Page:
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Around this time of year, you can find endless charts and articles comparing colds and flu. Is it a cold or is it the Flu? The symptoms of each are then compared, with the hope that the reader will pinpoint what’s making them sick, then be able to brag to their family that they either have the “worst cold ever” or the “most severe flu known to man.”
When it comes to determining mild depression, severe depression, or (as is more often the case) a simple case of the blues – things are quite a bit harder to read.
Let’s get the obvious taken care of first:
If you EVER feel so down that thoughts of suicide or a feeling of “I honestly don’t care if I live or die” enter your mind, see a doctor immediately. Thinking that you, all by yourself, can treat depression this severe is equivalent to thinking you, by yourself, could cure cancer with an olive. You deserve a happier life, and you know it as well as I do!
If you’re feelings of sadness are interfering with your life – to the point that you don’t want to do activities you once enjoyed, and if this has been going on for more than two weeks, re-read the paragraph above, paying close attention to the last sentence!
Then, there’s the obvious group of people who are dealing with sadness and unhappiness for a legitimate reason: The loss of a loved one, divorce, loss of a job, financial trouble, illness, a bad relationship, etc. These are all temporary dark valleys and we all go through at least one of them in our lifetime. Fortunately the sun comes out again eventually.
But what about the feelings of unhappiness that have no apparent cause?
If you’re like most people, the thought of suicide is as far removed from you as obesity is from the Olsen twins. What’s more, you probably still take an active role in your favorite activities. For the most part, if you’re busy and others are around, no one would even guess that your world has turned mostly blue.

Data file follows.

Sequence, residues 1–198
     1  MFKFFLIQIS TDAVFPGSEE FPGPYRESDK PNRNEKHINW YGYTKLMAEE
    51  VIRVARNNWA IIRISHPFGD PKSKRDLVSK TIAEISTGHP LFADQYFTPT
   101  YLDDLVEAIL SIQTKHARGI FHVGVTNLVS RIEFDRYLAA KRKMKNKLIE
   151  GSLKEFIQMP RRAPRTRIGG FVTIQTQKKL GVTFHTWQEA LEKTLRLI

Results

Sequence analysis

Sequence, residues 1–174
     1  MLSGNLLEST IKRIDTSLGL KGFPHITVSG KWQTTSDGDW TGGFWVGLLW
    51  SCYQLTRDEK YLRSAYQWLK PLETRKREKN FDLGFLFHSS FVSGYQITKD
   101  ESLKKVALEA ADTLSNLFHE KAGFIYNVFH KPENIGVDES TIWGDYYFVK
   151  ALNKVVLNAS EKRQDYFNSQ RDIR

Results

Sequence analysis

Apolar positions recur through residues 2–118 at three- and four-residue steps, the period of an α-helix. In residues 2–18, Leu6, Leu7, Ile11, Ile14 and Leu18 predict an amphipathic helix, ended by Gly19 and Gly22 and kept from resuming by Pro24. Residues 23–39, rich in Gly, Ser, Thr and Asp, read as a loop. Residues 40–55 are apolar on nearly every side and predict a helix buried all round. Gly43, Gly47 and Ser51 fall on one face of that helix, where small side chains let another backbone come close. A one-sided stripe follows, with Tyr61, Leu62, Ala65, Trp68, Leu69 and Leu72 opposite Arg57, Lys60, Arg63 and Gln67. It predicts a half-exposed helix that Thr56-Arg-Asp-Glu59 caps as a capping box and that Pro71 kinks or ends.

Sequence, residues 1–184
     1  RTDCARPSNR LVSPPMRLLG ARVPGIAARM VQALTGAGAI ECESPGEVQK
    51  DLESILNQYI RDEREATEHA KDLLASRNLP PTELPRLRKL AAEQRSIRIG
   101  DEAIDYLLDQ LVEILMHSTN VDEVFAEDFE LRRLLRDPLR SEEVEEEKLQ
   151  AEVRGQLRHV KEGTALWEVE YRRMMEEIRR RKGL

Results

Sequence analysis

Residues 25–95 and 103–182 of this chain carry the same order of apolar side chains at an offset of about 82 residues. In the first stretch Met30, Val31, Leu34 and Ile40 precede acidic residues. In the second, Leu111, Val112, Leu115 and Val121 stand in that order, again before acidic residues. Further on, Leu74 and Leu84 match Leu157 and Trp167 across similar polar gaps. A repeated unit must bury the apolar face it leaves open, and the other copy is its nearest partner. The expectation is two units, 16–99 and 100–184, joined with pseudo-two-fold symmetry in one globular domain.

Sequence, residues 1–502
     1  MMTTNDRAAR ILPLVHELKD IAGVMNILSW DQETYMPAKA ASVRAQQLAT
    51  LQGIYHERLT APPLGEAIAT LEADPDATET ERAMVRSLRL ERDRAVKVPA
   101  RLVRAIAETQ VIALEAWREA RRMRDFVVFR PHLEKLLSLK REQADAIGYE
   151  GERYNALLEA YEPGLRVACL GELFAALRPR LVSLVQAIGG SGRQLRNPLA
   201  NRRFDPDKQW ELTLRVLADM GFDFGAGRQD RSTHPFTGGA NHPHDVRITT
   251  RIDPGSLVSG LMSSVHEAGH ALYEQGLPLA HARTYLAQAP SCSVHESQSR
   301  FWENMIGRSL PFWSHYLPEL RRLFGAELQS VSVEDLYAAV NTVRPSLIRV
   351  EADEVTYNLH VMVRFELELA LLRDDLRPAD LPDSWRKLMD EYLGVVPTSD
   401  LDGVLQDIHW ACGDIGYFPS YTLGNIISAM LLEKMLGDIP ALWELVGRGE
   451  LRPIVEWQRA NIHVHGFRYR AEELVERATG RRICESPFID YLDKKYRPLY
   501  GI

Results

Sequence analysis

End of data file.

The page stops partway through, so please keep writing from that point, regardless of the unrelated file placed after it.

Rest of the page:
It’s my sincerest belief that many times what we feel isn’t a feeling of unhappiness as much as it’s simply the absence of happiness. In the same way that an 18 year old will moan, “I’m so bored…” – we often say, “I feel so down…” When, truth be told, what both are experiencing is an absence of stimulation – not the presence of another plague.
Think about it. We’ve all gotten to the point where we feel like we have to be busy or entertained during our every waking hour. Whether it’s the tv, the internet, the radio or a portable movie player, have we, or have we not, forgotten how to simply enjoy quiet time? Our society has even made phones more entertaining and exciting.
When the buzz and bedlam quite down and we find ourselves alone with our thoughts – if we aren’t careful we can mistakenly identify the situation. Instead of embracing the quiet and still, and welcoming the clarity and peacefulness it can bring, some people often think, “Uh oh. Something’s wrong.” Then they rush right in to claim their boredom or depression.
Next time you feel out of sorts, hold yourself accountable. Ask if there’s actually a reason for the feelings or if you’re simply reacting to the increasingly oddity known as quiet.
I think we’d all benefit from reacquainting ourselves with quiet time! There’s a lot to be said for literally finding your quiet place and taking advantage of the clarity of mind it brings. As the art print at the top of the post says, The quieter you become, the more you hear.
~Make each quiet moment count double,